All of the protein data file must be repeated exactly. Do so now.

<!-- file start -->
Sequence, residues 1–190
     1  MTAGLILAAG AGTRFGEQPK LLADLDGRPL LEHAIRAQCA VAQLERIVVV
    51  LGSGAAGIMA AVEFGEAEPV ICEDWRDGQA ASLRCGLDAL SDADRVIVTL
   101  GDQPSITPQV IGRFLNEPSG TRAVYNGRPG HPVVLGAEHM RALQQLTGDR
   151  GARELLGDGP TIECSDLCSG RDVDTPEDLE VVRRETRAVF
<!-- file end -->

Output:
Sequence, residues 1–190
     1  MTAGLILAAG AGTRFGEQPK LLADLDGRPL LEHAIRAQCA VAQLERIVVV
    51  LGSGAAGIMA AVEFGEAEPV ICEDWRDGQA ASLRCGLDAL SDADRVIVTL
   101  GDQPSITPQV IGRFLNEPSG TRAVYNGRPG HPVVLGAEHM RALQQLTGDR
   151  GARELLGDGP TIECSDLCSG RDVDTPEDLE VVRRETRAVF